When it comes to Brazilian fashion, womenswear—especially beachwear—gets most of the global spotlight. But this gender bias might not predominate the national industry for much longer. From magazines to online spaces, runway turnout to prolific exports, the Brazilian menswear market is steadily emerging as a solid movement for growth.
The editorial scene most obviously mirrors these signs of expansion. GQ recently launched a Brazilian edition of its glossy publication to compete with a small but refreshing group of national magazines such as Alfa, Maxim and Status. Online portals, meanwhile, include destinations like AreaH and ClubAlfa (similar to askmem.com), which are beginning to develop content and businesses for the male audience. And during recent fashion weeks, major womenswear magazine and website editors were seen on the first roll of menswear shows as well.
Concurrent with all this editorial activity, sales numbers point to the growing market’s upward movement. According to the latest Euromonitor data on the beauty industry, Brazil is ranked as the second biggest cosmetic market for men. And additional investigation by Apex, a Brazilian agency devoted to the promotion of exports and investments, indicates that the menswear industry has shown the highest evolution compared to all other local industries and currently has a significant presence in exports to the US and Europe.
From the perspective of the catwalk itself, there’s also been an apparent renovation cycle in process. Although Osklen and Alexandre Herchcovitch still carry a solid position showing their menswear in São Paulo and now in Rio as well—where Herchcovitch debuted his more popular eponymous brand devoted to men and women—there are new menswear brands hitting the runways. “Designers are not so influenced by European trends, as happens with womenswear,” remarks Ricardo Oliveros, a journalist who specializes in menswear. As a result, Brazilian menswear has had the opportunity to be “recognized as something fresh and innovative.”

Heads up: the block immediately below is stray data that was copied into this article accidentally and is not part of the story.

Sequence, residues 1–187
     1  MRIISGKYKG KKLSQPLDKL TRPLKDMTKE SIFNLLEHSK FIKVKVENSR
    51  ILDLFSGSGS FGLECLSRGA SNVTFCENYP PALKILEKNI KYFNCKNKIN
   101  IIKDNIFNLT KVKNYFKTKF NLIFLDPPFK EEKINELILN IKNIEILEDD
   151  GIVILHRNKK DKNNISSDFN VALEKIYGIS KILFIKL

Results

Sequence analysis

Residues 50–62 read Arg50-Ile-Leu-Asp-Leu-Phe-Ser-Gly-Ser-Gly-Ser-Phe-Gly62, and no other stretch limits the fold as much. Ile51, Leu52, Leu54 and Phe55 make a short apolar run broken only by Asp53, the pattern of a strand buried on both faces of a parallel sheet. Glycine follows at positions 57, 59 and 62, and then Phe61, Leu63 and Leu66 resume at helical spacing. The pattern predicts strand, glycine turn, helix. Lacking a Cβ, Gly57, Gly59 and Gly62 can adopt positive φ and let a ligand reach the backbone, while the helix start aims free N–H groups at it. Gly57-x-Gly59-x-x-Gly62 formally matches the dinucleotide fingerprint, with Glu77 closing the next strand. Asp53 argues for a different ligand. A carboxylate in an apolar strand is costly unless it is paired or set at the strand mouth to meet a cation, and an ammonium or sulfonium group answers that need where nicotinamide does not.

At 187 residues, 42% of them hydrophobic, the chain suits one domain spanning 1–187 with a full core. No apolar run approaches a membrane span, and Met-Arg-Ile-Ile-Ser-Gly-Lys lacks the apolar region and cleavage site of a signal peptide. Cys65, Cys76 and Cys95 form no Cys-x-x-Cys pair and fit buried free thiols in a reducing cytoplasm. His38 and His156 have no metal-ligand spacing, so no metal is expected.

Maxime Perelmuter’s British Colony and João Pimenta both push boundaries (and taboos) for Brazilian men. Rony Meisler’s Reserva sticks to a more commercial path and has seen steep commercial growth with 21 stores opening throughout the country’s major cities over the last three years. Meisler has also encircled the menswear market with two additional sibling brands: Mini-Reserva, which sells versions of Reserva’s casual clothes for boys, and Balasarae, which offers mature suits and shirts with a conservatively edgy feel. On the mass market segment, Pedro Lourenço (the prodigy boy son of Reinaldo Lourenço and Gloria Coelho) just launched a menswear collection for Riachuelo, a major fast fashion brand. Meanwhile, Top Shop will not only offer fad driven pieces to women, but will also introduce Top Men to compete in this market next season.
Although Brazilian menswear is clearly gaining momentum, there is still a long way for it to go. That the Brazilian fashion industry still lacks a fashion week separated by gender, as happens in major fashion capitals, is evidence of this embryonic state. But perhaps this new wave of segmented content and the arrival of fresh menswear brands will push the industry to become something more than a mere after thought.